In this week’s episode of Brain Games, host Jason Silva – with help from Yale professor and decision-making expert Dr. Daylian Cain – reveals the secrets behind decision making. Do you lean toward logic or intuition when it’s time to make a choice? Start by taking the challenge to find out. If you don’t like your results, don’t fret. There are ways to help adjust your decision making skills so that you make the best choice possible. Still can’t make up your mind? Try these tips:
Feeling overwhelmed with a decision? Perhaps you have been given too many choices. Some scientists think that information overload is actually a hindrance rather than a help. When there are too many choices in front of us, we may not be able to focus and reflect on which decision is the right one. Immediately remove as many options as you can up front, and then focus on just a few.
Maybe you only have to choose between two options and still can’t seem to make up your mind. This is not unusual. The science of the brain shows that when confronted with just two options, people may have trouble picking one unless they are offered a third option that falls somewhere in-between. Ask yourself if there is one more option you could throw into the mix, and if so, this can make it easier to decide on something you won’t regret.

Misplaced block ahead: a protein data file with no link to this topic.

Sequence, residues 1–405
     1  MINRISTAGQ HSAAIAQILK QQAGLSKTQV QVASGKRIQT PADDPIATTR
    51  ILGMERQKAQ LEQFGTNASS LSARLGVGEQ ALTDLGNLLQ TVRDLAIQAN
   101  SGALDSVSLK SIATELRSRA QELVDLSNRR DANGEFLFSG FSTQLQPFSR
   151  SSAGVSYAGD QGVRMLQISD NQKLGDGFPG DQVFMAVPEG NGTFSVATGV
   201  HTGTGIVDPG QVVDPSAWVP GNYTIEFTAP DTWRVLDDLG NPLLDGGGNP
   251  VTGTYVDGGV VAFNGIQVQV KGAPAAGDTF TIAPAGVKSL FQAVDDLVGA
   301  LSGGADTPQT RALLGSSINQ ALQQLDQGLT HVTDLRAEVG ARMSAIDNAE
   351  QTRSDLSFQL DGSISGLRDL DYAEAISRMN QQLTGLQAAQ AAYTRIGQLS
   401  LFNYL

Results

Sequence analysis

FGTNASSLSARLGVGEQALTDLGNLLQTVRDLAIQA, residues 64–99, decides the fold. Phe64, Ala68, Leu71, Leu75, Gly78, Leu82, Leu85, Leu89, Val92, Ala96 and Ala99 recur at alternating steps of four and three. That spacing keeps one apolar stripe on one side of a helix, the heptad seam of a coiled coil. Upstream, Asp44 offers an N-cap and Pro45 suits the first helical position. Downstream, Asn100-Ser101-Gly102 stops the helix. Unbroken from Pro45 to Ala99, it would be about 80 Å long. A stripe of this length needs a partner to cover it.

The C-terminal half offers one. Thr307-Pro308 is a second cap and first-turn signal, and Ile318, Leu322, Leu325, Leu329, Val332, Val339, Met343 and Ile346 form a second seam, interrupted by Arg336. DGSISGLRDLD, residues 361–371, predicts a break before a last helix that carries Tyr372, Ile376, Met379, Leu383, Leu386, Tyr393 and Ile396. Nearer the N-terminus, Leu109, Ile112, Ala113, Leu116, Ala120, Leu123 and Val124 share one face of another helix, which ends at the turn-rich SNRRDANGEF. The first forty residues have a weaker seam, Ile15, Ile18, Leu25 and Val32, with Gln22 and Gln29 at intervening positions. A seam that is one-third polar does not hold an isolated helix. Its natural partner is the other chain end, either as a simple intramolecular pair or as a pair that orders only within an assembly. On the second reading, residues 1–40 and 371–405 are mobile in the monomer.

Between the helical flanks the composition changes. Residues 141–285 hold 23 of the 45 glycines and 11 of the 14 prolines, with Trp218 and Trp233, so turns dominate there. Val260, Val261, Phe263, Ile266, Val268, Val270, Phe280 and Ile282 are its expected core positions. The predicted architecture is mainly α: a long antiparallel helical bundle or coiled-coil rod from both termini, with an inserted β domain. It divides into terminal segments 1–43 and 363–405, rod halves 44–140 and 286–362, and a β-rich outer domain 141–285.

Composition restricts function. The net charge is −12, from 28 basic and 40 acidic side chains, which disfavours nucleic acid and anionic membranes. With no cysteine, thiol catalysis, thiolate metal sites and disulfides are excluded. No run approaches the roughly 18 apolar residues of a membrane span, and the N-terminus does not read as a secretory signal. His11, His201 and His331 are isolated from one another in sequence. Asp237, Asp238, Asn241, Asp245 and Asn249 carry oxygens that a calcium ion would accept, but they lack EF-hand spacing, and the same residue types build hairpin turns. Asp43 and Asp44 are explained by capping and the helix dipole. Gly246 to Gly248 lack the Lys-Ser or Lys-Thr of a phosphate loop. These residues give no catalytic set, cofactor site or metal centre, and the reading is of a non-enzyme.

Test Your Choice
Can’t decide because you are afraid to make the wrong choice? It may be difficult to choose if you are too close to the problem. Let your emotions rule, and you may make the worst possible decision. Ask a trusted friend about decisions he or she regretted and you are likely to hear that the choice was made in the grip of emotion. Whether angry, anxious, or full of desire, the more emotion, the less clear the decision. Regret can be avoided by imagining the future. Ask yourself how you would feel about each choice in a few minutes, a few months, or even a few years from now.
These tools will help you, but you should also know your mind. It turns out that our brains actually exercise two different decision-making processes. One of the systems is the one that we are consciously aware of when we’re making up our minds about something; it’s slow, requires effort, and relies upon rules. The other system, by contrast, makes quick decisions for us that are based upon mental shortcuts.
Ultimately, the best bet is making a decision, and not looking back. In the words of Jason Silva, be really zen about it. Whatever you choose is what you need to choose. Wherever you are is where you need to be. Whatever your choice is the right choice. That’s the best attitude to transcend the anxiety of choice paralysis and decision making.
Want to know more about the science of decision? Tune in to Brain Games: You Decide on Monday June 3 at 9 p.m. et/pt and find out more about how you decide and how to make better decisions.